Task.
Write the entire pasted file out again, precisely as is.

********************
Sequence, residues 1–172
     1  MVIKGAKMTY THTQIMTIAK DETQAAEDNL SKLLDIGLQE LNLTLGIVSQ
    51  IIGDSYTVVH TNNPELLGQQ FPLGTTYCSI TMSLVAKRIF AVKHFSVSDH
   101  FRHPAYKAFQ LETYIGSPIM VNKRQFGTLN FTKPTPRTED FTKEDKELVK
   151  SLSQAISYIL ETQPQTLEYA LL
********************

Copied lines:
Sequence, residues 1–172
     1  MVIKGAKMTY THTQIMTIAK DETQAAEDNL SKLLDIGLQE LNLTLGIVSQ
    51  IIGDSYTVVH TNNPELLGQQ FPLGTTYCSI TMSLVAKRIF AVKHFSVSDH
   101  FRHPAYKAFQ LETYIGSPIM VNKRQFGTLN FTKPTPRTED FTKEDKELVK
   151  SLSQAISYIL ETQPQTLEYA LL